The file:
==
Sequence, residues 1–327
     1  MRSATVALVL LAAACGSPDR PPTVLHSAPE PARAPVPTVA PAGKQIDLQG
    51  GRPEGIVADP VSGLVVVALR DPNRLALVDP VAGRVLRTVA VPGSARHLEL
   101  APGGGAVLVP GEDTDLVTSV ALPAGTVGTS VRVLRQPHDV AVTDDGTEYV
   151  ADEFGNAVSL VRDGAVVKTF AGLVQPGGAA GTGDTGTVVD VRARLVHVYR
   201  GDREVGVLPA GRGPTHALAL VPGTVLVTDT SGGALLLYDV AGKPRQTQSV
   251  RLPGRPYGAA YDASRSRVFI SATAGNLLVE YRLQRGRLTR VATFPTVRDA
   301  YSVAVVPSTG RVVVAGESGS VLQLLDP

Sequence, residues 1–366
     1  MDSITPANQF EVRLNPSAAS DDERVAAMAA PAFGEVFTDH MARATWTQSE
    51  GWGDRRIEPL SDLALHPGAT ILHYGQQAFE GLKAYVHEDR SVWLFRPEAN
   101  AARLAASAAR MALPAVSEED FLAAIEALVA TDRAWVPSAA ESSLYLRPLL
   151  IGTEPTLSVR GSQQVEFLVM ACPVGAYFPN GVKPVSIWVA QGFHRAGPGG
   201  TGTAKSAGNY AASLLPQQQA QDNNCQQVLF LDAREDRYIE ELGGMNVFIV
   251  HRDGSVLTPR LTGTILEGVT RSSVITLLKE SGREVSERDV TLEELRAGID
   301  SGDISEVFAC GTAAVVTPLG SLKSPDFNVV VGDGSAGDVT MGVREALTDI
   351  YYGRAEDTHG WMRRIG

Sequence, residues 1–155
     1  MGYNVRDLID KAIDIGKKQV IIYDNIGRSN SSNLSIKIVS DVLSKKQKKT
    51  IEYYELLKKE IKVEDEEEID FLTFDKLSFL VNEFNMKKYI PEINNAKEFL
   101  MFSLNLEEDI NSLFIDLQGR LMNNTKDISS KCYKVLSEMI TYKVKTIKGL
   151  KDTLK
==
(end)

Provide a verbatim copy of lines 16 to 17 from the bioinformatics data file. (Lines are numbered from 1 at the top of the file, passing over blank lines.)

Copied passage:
   301  SGDISEVFAC GTAAVVTPLG SLKSPDFNVV VGDGSAGDVT MGVREALTDI
   351  YYGRAEDTHG WMRRIG